Having no prior experience with other mics, I can attest to the sound quality. It will be lost in a heartbeat since it is made of foam. The implementation of that feature was poor. My next step was to purchase a Rode wireless GOD system and put these to the test. With that system, it is best to avoid those lavs since they picked up all kinds of noise from the Rode. Though others report that they haven't experienced the same issue with other systems, I am certain there is some shielding issue there. I just wanted to let you know.
As well as other reviews, I was very impressed with the build quality of this microphone. I was very sadly disappointed by the muffled sound in any test I conducted. As I was searching for a budget lav, I came upon the Giant Squid lav, and I was impressed by the quality and price. It is obvious that this mic was not competitive. Possibly I would have had a different result if I hadn't had the GS. The only thing I can say is, this lav cannot deliver a usable audio signal for recording. The phone is most suitable for personal dictation, if you are comfortable with that. What then is the point of paying expensive prices for a microphone, when there are cheaper options like Audio Technica batteries that sound usable for recording. The best choices if you are seeking good audio for use in videos or podcasts are the Giant Squid lav ($50 right now on Amazon) or the R*DE smartlav+ with TRS adaptor ($70 on Amazon) instead.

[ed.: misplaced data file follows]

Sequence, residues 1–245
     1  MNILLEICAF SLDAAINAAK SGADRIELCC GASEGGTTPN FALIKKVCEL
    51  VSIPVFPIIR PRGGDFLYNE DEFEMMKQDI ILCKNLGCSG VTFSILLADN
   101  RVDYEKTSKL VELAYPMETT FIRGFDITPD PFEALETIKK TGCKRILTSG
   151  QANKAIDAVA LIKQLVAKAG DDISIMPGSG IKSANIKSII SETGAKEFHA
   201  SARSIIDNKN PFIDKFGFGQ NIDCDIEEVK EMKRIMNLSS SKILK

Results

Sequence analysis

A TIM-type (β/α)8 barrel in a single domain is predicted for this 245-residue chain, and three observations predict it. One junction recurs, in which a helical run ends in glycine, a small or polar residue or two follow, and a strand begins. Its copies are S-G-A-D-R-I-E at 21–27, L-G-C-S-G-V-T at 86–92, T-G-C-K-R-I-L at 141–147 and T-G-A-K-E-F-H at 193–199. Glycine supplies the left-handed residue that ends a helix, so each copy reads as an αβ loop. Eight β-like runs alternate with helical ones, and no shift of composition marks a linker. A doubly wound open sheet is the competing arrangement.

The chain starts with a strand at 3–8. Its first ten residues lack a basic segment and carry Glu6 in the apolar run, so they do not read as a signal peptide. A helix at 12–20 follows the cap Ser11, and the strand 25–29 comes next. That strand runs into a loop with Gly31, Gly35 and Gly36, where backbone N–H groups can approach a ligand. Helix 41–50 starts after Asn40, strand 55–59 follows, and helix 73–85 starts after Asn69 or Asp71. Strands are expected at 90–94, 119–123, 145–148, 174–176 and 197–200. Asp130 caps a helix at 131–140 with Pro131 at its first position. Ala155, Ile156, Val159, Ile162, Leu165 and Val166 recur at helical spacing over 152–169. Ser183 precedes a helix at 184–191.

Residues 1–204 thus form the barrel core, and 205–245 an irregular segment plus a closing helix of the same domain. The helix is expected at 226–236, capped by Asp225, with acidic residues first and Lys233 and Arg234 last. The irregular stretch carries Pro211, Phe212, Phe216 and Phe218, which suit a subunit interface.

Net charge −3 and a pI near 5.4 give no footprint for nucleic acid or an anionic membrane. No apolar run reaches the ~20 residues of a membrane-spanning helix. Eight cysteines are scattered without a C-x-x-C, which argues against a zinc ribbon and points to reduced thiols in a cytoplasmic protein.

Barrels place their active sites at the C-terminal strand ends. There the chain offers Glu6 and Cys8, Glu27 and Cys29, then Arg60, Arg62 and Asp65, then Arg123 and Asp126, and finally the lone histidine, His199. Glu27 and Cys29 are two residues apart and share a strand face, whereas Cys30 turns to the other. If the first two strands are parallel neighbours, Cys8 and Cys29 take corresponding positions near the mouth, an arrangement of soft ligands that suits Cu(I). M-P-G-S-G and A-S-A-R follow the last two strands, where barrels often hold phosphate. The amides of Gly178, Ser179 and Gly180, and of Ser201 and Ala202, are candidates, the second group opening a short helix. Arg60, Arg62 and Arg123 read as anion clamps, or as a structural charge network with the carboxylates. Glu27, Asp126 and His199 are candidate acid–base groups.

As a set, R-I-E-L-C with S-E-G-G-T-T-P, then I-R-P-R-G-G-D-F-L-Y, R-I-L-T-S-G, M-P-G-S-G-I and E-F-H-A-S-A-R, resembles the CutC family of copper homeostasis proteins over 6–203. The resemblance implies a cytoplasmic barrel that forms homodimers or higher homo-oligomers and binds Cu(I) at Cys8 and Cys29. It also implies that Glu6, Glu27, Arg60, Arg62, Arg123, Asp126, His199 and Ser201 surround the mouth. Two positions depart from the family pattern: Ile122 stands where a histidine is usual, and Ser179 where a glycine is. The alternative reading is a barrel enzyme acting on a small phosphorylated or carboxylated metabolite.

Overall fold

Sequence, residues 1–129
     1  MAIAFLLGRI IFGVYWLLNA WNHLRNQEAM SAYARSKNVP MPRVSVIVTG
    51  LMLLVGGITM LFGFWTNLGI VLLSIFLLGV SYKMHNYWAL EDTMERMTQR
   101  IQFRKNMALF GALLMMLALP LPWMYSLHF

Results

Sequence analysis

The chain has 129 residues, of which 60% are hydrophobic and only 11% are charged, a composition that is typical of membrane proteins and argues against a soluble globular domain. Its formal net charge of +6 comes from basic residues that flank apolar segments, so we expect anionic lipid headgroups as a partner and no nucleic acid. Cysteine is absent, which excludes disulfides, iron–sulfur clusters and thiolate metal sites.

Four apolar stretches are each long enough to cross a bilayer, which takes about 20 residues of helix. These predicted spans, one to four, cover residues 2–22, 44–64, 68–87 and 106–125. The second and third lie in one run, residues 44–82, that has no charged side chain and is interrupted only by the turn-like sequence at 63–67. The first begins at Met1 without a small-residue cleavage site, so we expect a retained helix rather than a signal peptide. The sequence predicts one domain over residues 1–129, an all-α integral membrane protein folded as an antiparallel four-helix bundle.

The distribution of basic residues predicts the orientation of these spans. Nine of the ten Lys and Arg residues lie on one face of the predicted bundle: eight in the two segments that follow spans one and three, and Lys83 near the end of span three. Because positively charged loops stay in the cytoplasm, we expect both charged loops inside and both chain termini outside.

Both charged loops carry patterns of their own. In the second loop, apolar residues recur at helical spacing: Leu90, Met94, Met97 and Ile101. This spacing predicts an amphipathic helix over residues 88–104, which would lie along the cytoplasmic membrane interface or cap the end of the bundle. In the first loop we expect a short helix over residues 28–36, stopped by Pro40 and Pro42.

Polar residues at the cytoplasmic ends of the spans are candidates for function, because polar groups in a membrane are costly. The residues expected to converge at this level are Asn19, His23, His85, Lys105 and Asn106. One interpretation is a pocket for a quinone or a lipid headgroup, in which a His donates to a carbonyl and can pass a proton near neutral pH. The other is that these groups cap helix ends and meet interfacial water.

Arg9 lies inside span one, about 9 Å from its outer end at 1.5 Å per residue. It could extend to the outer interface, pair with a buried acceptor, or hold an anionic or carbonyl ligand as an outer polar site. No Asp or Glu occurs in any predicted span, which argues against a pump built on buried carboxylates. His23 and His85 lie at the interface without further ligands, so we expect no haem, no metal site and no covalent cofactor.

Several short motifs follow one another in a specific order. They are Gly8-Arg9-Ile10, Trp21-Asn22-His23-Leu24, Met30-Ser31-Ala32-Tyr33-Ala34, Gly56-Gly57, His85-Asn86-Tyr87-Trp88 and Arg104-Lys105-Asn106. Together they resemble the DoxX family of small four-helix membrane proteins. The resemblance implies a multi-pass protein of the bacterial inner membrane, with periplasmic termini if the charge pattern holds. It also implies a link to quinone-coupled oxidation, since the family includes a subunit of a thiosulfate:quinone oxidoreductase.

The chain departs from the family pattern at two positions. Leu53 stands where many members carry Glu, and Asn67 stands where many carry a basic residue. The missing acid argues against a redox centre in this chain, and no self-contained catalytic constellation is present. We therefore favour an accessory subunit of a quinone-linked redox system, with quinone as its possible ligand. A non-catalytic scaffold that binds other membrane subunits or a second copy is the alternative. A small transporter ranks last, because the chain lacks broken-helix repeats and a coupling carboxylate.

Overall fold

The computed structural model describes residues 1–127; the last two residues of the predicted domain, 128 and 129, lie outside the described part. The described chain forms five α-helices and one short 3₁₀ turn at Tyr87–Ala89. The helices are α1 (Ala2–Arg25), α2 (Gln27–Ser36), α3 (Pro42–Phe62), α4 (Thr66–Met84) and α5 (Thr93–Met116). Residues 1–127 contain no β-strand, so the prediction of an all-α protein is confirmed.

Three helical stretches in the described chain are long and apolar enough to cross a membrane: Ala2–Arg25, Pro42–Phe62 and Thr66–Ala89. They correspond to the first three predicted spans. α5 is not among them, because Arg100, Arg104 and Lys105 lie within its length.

I compared it to some other microphones of the same price. I tested this against some similar mics I have had and like for a while. This one appeared to be more superior in sound quality for the same cost. I observed two things that I liked from an audio perspective1. You can also clip the EQ curve to a crew neck shirt to use it as an EQ curve. It will work well in the middle of the collar even if it's clipped to the middle of the collar. It will be hard for mics to pick up sound from that shirt. Please specify 2. The gain settings are pretty good, so the noise floor is kept at a reasonable level. There are a bunch of iFP-related items I need to get rid of The 795/iFP standard Because the noise floor of the mic is lower than the Zoom H1, this mic will breathe new life into these old recorders. The H1 works extremely well with this. This is definitely something I'm happy with. Would like to buy more audio for movies.
As a pro video professional (35 years of experience), I used this with my Audio Technica broadcast lapel mic. There is noticeably more noise in this version and the sound is muffled. Using Adobe Audition to remove almost all the noise and using Final Cut Pro X's Channel EQ to make a very close comparison (when I clipped both mics together and recorded the same source) I was able to make an almost perfect comparison. Once I've developed a process for cleaning up the mic, I won't be concerned about using it for pro work. In case anything breaks, I keep it in the bag as a spare. The Rode XLR adapter I bought with it does the trick. There isn't a tight fit, but I taped it in so that it doesn't buzz or click. The 24v Phantom works well, but it goes silent when there is no Phantom or no 48v Phantom.